I’m a word person, but I’ve never been any good at crosswords. I’ve always thought my vocabulary was a hindrance, not so much that I don’t know the right word but that I know too many possible words that my brain can fill in the blank with two or three options and, even in pencil, that makes me afraid to commit to a potentially wrong answer. I’m more of a Sudoku gal, personally.
Nonetheless, I thought it was interesting to see that the New York Times — the de facto crossword king — has redesigned its digital crosswords games this week. It’s an interesting development because, while I’m all about the journalism, I like to see news agencies realize their mission isn’t just to inform but also to entertain. That’s why newspapers print things like movie reviews, comic strips and yes, crossword puzzles. I know several people who only (or in large part) pick up the newspaper for the puzzles or who save outdated editions for the day off someday when they’ll have time to work through them. (I hope they get some of the news while they’re there, though.) So it’s nice to see the Times devoting some of their IT power to improving the digital presentation and play of one of their most popular non-news features. Note: They do charge a few bucks a month for premium access to the daily puzzles, but do offer older puzzles from the archives for free.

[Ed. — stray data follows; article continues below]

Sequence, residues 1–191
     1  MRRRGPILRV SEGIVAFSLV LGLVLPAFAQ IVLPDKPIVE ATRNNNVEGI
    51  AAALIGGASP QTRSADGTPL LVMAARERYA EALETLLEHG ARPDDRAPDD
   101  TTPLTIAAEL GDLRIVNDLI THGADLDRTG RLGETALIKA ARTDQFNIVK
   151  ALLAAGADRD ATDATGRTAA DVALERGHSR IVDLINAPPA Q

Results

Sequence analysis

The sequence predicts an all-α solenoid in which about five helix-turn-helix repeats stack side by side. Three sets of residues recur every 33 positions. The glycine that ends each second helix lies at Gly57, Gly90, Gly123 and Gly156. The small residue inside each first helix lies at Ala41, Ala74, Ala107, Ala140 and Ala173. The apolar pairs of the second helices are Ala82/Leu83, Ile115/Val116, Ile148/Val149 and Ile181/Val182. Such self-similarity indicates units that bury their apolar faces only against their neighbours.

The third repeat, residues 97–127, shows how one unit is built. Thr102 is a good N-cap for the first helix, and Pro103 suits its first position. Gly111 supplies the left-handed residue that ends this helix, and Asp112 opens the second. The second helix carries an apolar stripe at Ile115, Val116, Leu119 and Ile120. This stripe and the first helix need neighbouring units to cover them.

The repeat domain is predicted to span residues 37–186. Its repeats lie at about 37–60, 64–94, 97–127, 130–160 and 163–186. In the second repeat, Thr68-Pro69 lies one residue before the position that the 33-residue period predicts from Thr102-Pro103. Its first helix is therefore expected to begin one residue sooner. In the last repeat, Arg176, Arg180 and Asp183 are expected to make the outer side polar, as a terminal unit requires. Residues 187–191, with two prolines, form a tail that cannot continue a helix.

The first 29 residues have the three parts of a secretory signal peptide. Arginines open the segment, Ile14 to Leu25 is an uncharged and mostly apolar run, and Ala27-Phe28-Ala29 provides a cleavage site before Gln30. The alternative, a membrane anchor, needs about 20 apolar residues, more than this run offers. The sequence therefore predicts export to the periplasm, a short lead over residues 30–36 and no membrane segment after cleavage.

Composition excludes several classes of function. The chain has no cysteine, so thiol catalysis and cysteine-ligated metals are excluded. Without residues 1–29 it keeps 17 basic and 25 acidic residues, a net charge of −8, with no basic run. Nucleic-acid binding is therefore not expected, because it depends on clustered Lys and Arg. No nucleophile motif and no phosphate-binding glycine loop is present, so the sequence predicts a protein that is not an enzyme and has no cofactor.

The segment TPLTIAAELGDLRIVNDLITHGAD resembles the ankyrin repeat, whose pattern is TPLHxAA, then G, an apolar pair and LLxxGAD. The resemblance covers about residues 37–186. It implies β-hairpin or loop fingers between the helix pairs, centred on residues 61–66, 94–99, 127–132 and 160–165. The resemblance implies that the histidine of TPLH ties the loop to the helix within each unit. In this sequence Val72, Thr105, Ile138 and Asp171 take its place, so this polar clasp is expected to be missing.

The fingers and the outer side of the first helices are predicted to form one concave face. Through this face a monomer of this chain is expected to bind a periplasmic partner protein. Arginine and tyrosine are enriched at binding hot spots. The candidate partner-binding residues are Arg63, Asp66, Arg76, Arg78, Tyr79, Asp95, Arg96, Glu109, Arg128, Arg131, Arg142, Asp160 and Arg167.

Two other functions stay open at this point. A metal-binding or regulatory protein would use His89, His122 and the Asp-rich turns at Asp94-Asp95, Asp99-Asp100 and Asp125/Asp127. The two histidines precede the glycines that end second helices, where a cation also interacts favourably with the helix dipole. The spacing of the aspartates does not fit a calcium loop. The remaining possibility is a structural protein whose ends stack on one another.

Not only have they rolled out an HTML5 version of the crossword, but they’ve also coupled the new style with a very in-depth tutorial and explainer on the changes. They even have puzzle maestro Will Shortz on video explaining how he works and giving tips for Crossword beginners.
Among the changes the Times says they’ve made:
- Clean and simplified layout
- One entry point with various options on how to solve
- Redesigned personalized scorecard
- New bonus puzzles
- Larger squares
- Redesigned leaderboard statistics with top 10 puzzlers
- Cleaner color scheme of blue, gray and white
The new game play is intuitive, and because it’s running on HTML5 it’s played right in browser without me needing any extra plug-ins or anything. Even on my older Mac, it worked seamlessly and swiftly. I might even be able to get into crosswords with a platform like this. Maybe.